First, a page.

G CAPSULE. For Extracting Nucleic Acids & Proteins from Agarose Gel. (Cat. # , )

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179PR 02 G-Biosciences A Geno Technology, Inc. (USA) brand name G CAPSULE For Extracting Nucleic Acids & Proteins from Agarose Gel (Cat. # ,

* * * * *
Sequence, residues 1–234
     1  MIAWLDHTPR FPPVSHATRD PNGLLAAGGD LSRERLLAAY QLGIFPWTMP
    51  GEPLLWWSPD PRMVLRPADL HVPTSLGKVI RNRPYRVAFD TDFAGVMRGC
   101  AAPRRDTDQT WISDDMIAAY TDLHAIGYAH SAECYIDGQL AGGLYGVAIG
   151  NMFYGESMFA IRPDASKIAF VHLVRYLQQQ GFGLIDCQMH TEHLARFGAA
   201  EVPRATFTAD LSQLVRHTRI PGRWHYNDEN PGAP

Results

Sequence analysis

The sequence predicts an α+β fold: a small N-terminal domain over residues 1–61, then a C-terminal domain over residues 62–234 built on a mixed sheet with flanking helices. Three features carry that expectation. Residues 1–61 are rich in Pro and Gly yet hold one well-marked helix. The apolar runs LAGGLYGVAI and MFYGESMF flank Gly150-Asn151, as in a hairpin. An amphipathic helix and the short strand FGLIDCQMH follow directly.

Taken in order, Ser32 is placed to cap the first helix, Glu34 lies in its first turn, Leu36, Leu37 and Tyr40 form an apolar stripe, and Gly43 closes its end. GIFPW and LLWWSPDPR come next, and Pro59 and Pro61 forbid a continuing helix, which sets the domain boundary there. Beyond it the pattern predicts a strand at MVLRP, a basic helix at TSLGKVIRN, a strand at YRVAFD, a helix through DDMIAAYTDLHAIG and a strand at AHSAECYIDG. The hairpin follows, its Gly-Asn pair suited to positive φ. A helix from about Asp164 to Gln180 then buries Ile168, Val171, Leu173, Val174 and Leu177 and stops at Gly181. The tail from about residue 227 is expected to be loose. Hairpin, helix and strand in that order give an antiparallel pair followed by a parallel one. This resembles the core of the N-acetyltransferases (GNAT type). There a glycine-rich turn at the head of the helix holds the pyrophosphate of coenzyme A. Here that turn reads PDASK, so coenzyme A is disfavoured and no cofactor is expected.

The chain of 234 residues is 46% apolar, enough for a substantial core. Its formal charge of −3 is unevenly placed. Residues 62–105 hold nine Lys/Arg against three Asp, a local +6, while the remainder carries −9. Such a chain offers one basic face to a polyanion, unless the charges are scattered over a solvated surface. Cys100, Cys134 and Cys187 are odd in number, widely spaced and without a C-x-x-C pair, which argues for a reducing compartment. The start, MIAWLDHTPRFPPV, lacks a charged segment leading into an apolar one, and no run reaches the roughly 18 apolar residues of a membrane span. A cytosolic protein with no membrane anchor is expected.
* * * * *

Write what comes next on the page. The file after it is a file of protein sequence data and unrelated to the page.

179PR 02 G-Biosciences A Geno Technology, Inc. (USA) brand name G CAPSULE For Extracting Nucleic Acids & Proteins from Agarose Gel (Cat. # , ) think proteins! think G-Biosciences INTRODUCTION... 3 ITEM(S) SUPPLIED... 3 STORAGE CONDITIONS... 3 ADDITIONAL ITEMS NEEDED... 4 PROTOCOL SUMMARY... 4 DNA ELECTROELUTION... 5 IMPORTANT NOTES... 5 I. WASH G CAPSULE COMPONENTS:... 5 II. EXCISING DNA BAND... 5 III. ASSEMBLING THE G CAPSULE... 5 IV. ELECTROELUTION OF DNA... 6 V. RECOVERING THE ELECTROELUTED DNA... 6 DNA ELUTION TIME:... 7 RNA ELECTROELUTION... 8 PROTEIN ELECTROELUTION... 8 FOR THIN PROTEIN GELS... 8 TROUBLESHOOTING... 9 CITATIONS RELATED PRODUCTS Page 2 of 12 INTRODUCTION G CAPSULE is an electroelution tool for rapid recovery of PCR products, DNA fragments and proteins from agarose and polyacrylamide gels. G CAPSULE consists of two main parts (Figure 1), G PICK for picking DNA or protein band from the gel, and G TRAP, which traps the migrating DNA or protein during electroelution. After excising the DNA or protein band from the gel with G PICK, the G CAPSULE assembly is then placed in a gel box and a current applied. Under the influence of an electrical field, DNA and protein molecules migrate toward the positive (+) terminal of the electrophoresis apparatus and captured by the G TRAP and become bound to the membrane. Figure 1: G CAPSULE consists of two parts: G PICK for picking DNA or protein band from the gel, and G TRAP for trapping migrating DNA or protein during electroelution. Electroelution with G CAPSULE is a gentle method that eliminates the risks of damage to DNA or protein samples commonly encountered in use of glass milk, spin columns, binding columns and other popular techniques. The G CAPSULE method is simple to perform and eliminates additional steps involving washing, spinning, heating or precipitation. The recovered DNA is of highest quality for use in molecular manipulations such as ligation, restriction enzyme digestion, sequencing, amplification, random priming, and other enzymatic reactions. ITEM(S) SUPPLIED (Cat. # ) Description Size G CAPSULE 55 Capillary Pipette Tip 55 Pin 55 Plunger 1 STORAGE CONDITIONS The kit is shipped at ambient temperature. Upon arrival, store at room temperature. Stable for 2 years, if stored correctly. Page 3 of 12 ADDITIONAL ITEMS NEEDED Horizontal electrophoresis apparatus TAE buffer for DNA Optional: G CAPSULE Accessory Kit (Cat. # ) Prevents G CAPSULE from floating during electrophoresis (Figure 2). The G CAPSULE Weight is designed to trap G CAPSULE when submerged under buffer and prevents it from floating or changing direction during electroelution. Figure 2: G CAPSULE Weight prevents 1 2 G CAPSULE from floating or moving during electroelution. PROTOCOL SUMMARY I. Washing: Wash G CAPSULE thoroughly in elution buffer. II. Excising & Picking up a Gel Band: Use G PICK to punch out the gel band (Figure 3). III. Assembling G CAPSULE : Fill G TRAP with elution buffer. Assemble G PICK and G TRAP together. Use the plunger to push the gel piece close to the membrane. Fill G PICK with elution buffer. IV. Electroelution: Submerge G CAPSULE in the gel tank and apply desired current for electroelution. V. Recover Sample: Reverse current for seconds. Remove the entire buffer from G PICK. Puncture a small hole in the Collection Port, insert the capillary tip and remove the sample collected against the membrane. Figure 3: G CAPSULE Scheme. Page 4 of 12 DNA ELECTROELUTION Important Notes If you are using G CAPSULE for the first time, we recommend performing a few trial runs on molecular weig ht marker bands to become familiar with the G CAPSULE protocol. The critical steps are removing the free buffer from the G PICK, and removing the eluted sample from the collection port of the G TRAP. Use TAE buffer as elution buffer for DNA samples to ensure that subsequent ligation, restriction or sequencing reactions are successful. TBE buffer is known to inhibit T4 DNA Ligase and may inhibit the enzyme that catalyzes other recombinant reactions. However, TBE and any other buffer of your choice can also be used, if the enzyme inhibition is not a concern. I. Wash G CAPSULE components: 1. Disassemble the G CAPSULE unit and fill the G TRAP with ~ 500µl TAE buffer. Submerge both G PICK and G TRAP in TAE buffer for minutes to wash the components and to equilibrate its membrane. 2. Remove the G PICK and G TRAP from the buffer and wash the membrane of the G TRAP 2 3 times with TAE buffer. 3. Washed G TRAP can be kept in TAE buffer until use. If not used right away, store at 4 C in 0.5% sodium azide solution. 4. Immediately before use, place the G TRAP on a clean surface and fill with TAE buffer or elution buffer of choice until the G TRAP overflows. II. Excising DNA band NOTE: To visualize the DNA bands, stain the gel with ethidium bromide or other suitable fluorescent stain and observe the gel under ultraviolet light. 1. Position the tapered, cutting edge over the DNA band to be excised. 2. Push the G PICK into the soft gel until you hit the bottom hard surface of the gel tray. 3. Remove the gel band by tilting the G PICK away from you and slowly pulling out of the gel. NOTE: If there are still remnants of the DNA band left behind in the gel or you fail to pick up the DNA band properly, simply invert the G PICK and use the other end to pick up the remnant of the band. Alternatively, use a sharp scalpel to trim the remnant of the DNA band and load the trimmed gel pieces into the G PICK. III. ASSEMBLING THE G CAPSULE NOTE: Assemble the G CAPSULE immediately before you are ready for the electroelution. 1. Ensure the G TRAP is filled with elution buffer (See step I 4). If not, fill with elution buffer. 2. Position the G PICK, containing the DNA band, in the G TRAP (see Figure 3A) by inserting the tapered, cutting edge of the G PICK into the non membrane side of the G TRAP. Push the G PCIK until it locks in place. Page 5 of 12 3. Ensure there are no air bubbles trapped in the G TRAP. Remove any air bubbles by pipetting buffer into the G CAPSULE. 4. Using the plunger provided, push the gel piece(s) close to the membrane, so that the gel piece is uniformly in contact with the membrane. NOTE: Do not push the plunger too hard or damage to the membrane may occur resulting in loss of sample. IV. ELECTROELUTION OF DNA 1. Fill the G PICK with elution buffer. NOTE: Make sure there is no air bubbles trapped in the G PICK or between gel pieces. 2. Submerge the assembled G CAPSULE in buffer on top of the gel bed of the electrophoresis box such that the G TRAP is facing the (+) terminal (red color terminal). 3. Add pre chilled electrophoresis buffer to the gel electrophoresis box to cover the G PICK. Remove some buffer if the G CAPSULE floats. OPTIONAL: G CAPSULE Weight (Cat. # ) can be used for holding the G CAPSULE once submerged. NOTE: Make sure the G TRAP is facing the (+) terminal, so that the DNA migrates into the G TRAP. 4. Turn on the power supply to electroelute the DNA. For elution time, consult the Guide For DNA Elution Time. V. RECOVERING THE ELECTROELUTED DNA 1. After electroelution is completed, adjust the voltage to ~120 V. Reverse the polarity of the current for seconds to loosen the DNA from the membrane. 2. Turn off the power supply and remove the G CAPSULE from the gel box. NOTE: Recover the DNA immediately after turning off the power supply in order to avoid diffusion of the eluted DNA. To minimize loss of the eluted DNA, do not separate the G PICK from the G TRAP. 3. Hold the G CAPSULE horizontally between your fingers and insert the provided pipette tip, until you reach the gel piece, then remove all the free TAE buffer from the G PICK (Figure 4). Any buffer left in the G PICK will be extracted with the eluted DNA and will result in a more dilute sample. WARNING: Be careful not to hit or disturb the gel piece in the G CAPSULE. If the gel band is disturbed, the DNA in the vicinity of the membrane may flow backward. NOTE: Removing the free TAE buffer from the G PICK relieves the pressure inside the capsule so that the buffer will not leak and carry away the electroeluted DNA. Once the free buffer is removed, surface tension will keep the electroeluted molecules in the vicinity of the membrane. Page 6 of 12 Figure 4 Figure 5 Figure 6 4. Carefully place the G CAPSULE on a dry surface and puncture a small hole in the membrane of the Colle ction Port with the supplied pin (see Figure 5). WARNING: Do not force the pin downward into the membrane; this will damage the membrane and spill the DNA. 5. Pre set a pipette to 50 60µl, and insert the provided capillary pipette tip through the hole in the membrane and gently push the tip downward (See Figure 6). The capillary tip slides over the cutting edge (slope) of the punch. The tip pushes the wet membrane forward as it moves downward into the collection port. 6. Pipette out the DNA collected near the membrane. WARNING: Do not remove the G PICK as this may lead to sample loss. 7. DNA with molecular weights larger than 4000bp is efficiently eluted and recovered using G CAPSULE. Recovery for 2µg of DNA is generally between 80 90%. The DNA recovered from the G CAPSULE is ready for most enzymatic uses. However, some grades of agarose have sulfate and other enzyme inhibitors as contaminants. If you are in any doubt, it is recommended that you precipitate the DNA by any standard method of your choice. DNA ELUTION TIME: Elution of DNA depends on DNA size, concentration of gel, buffer type and electrical current. It is not possible to provide a universal DNA elution time. The following table is simply a guide and will give you some indication of probable elution time in TAE buffer. Gel (%) DNA Size (bp) Voltage Elution Time (mins) 4, V 5 2 2, V , V 1 23, V 8 9, V 6 6, V 4 2, V 1 23, V 7 9, V 4 6, V 3 Page 7 of 12 NOTE: For appropriate elution time, make test runs with t he appropriate size of DNA fragments. If you are not sure of elution time, progre ss of DNA elution can also be monitored under UV light. Use hand held UV lamps. RNA ELECTROELUTION For RNA use, the G CAPSULE must be made RNase free by treating with DEPC [diethylpyrocarbonate] or other RNase removing agents. We recommend our RNaseOUT (Cat. # ) for removal of RNase. Follow the protocol for DNA electroelution, except at step V.1 reverse the current at 100V for 1 min. PROTEIN ELECTROELUTION G CAPSULE can also be used for the electroelution of 4000Da proteins from polyacrylamide gels for protein sequencing, enzyme assays, raising antibodies and other protein studies. A horizontal electrophoresis tank is required for electroelution. Avoid overheating. If your gel box is not fitted with a cooling device, electroelution should be performed in cold room and at a low current. For protein work, it is strongly recommended that G CAPSULE is first soaked for 30 minutes in an appropriate buffer containing 5mM EDTA and 5% BSA solution. Wash extensively with deionized water to remove free BSA. FOR THIN PROTEIN GELS: Protein gels are often very thin and you might encounter difficulty in picking protein bands into the G PICK. You can overcome this problem by first picking a blank piece of agarose gel. Protein Purification: You can purify protein from both non denaturing polyacrylamide gel and denaturing SDS polyacrylamide gels. Use appropriate buffers for electroelution. Page 8 of 12 TROUBLESHOOTING Problem Band not completely excised DNA recovery is poor Band is wider than G PICK DNA band is crowded by other bands, which may lead to cross contamination Suggestion(s) Turn the G PICK around and use the other open end to pick up the remnants of the band. Or after punching out a band, position the G PICK in the G TRAP and push the gel piece against the membrane with the plunger. Use a scalpel or any sharp instrument to trim the remaining DNA band from the gel. Cut the gel band into small pieces and load the pieces into the G PICK. Perform electroelution as usual. The elution time will be longer. The gel piece was disturbed while removing buffer from the G PICK. Electrical current was not reversed or reverse current was allowed to flow longer than seconds. The membrane was damaged. Elution time was not sufficient or was excessive. DNA was degraded. The G CAPSULE was vertical for a longer period, and backward flow of DNA occurred. Any manipulation or prolonged observation was performed before removing all free buffer from the G PICK. After electroelution, G CAPSULE was placed on an absorbing or wet surface or in a puddle of fluid. Punch out two or more gel pieces from the band, one on top of another. When punching out more than one piece from a gel band. Use the other cutting end of the G PICK and punch out the remnants of the band. Depending on the thickness of the gel, you may be able to punch out 3 10 pieces of gel. Or punch out two or more gel pieces as above. Position the G PICK in the G TRAP and use the plunger to push the gel pieces against the membrane as described. Use a scalpel or any sharp instrument to trim the remaining DNA from the gel and load the pieces into the G PICK. Perform electroelution as usual. The elution time will be longer. Use a scalpel or any sharp instrument to cut out the band you intend to extract. Cut the gel band into small pieces and load the pieces into the G PICK. Electroelute as usual. Elution time will be longer. Page 9 of 12 Gel is too thin, leading to difficulty in picking gel bands with G PICK Gel lanes are too close to each other Want to avoid overheating Elution volume is larger than 35µl Buffer is leaking from the G TRAP G CAPSULE is protected by US Patent # First, pick a blank piece of agarose gel into the G PICK from a prepared 4 5mm thick agarose gel in appropriate buffer. Position the G PICK in the G TRAP and push the blank gel pieces against the membrane with the plunger. Cut the band with a sharp instrument and load into the G PICK. Load samples in alternate sample wells. Alternatively, do not load samples in the wells adjacent to your most critical samples. Before electroelution, replace the buffer in the gel box with pre chilled buffer. Run the electroelution in a cold room. The electrophoresis gel was thicker than 5 6mm. The gel piece was damaged, which increased the dead volume of elution buffer in the G PICK. The entire buffer was not removed from the G PICK. The gel piece was not pushed close to the membrane. This is normal, since G CAPSULE is not watertight and buffer will leak between the plastic parts. Therefore, you must be aware of the following instructions: Assemble G CAPSULE just before use and quickly submerge in the tank buffer. Keep it there until you begin electrical current for electroelution. After electroelution is complete and as soon as you remove G CAPSULE from the buffer, you must first remove all free buffer from G PICK. This will relieve pressure so fluid does not leak and carry DNA with it. Once the free buffer is removed, surface tension will keep the electroeluted DNA in the vicinity of the membrane. Remove drops of buffer around G CAPSULE. Use a pipette or tissue paper. Be careful not to suck inside buffer with tissue paper or pipette tip. Do not place G CAPSULE on an absorbing or wet surface, or in a puddle of fluid; this could create capillary suction through the joining parts of G CAPSULE filled with buffer. After electroelution, you may place G CAPSULE on a dry surface, provided that you have followed the above instructions. Page 10 of 12 CITATIONS 1. Chatterjee, S et al (2012) Acta Biochim Biophys Sin. 259:68 2. Cardi, D et al (2010) J. Biol. Chem. 285: Crosslin, James (2009) HortScience. 44: Li, X. et al (2004) Euro J of Phycology. 39:73 5. Beeson, K. et al (2002) Microbiology. 148: Yeager, M. et al (2001) Circ. Res. 88:2e 7. Robu, M. et al (2001) PNAS. 98: Dudley, E. et al (2001) Microbiology.147: Brezinschek, Hans Peter et al (2000) Int. Immunol. 12: Tanaka, K. et al (1999) Yeast. Vol 15: 11: Van Dodeweerd, A. et al (1999) Genome. 42: Ohashi, Y. et al (1998) J. Clin. Invest. 102: Brezinschek, Hans Peter et al (1997) J. Clin. Invest. 99: 2488 RELATED PRODUCTS Download our Molecular Biology & Protein Purification Handbooks molecular biology handbook/ protein purification handbook/ For other related products, visit our website at or contact us. Last saved: 7/27/2012 CMH Page 11 of 12 Page 12 of 12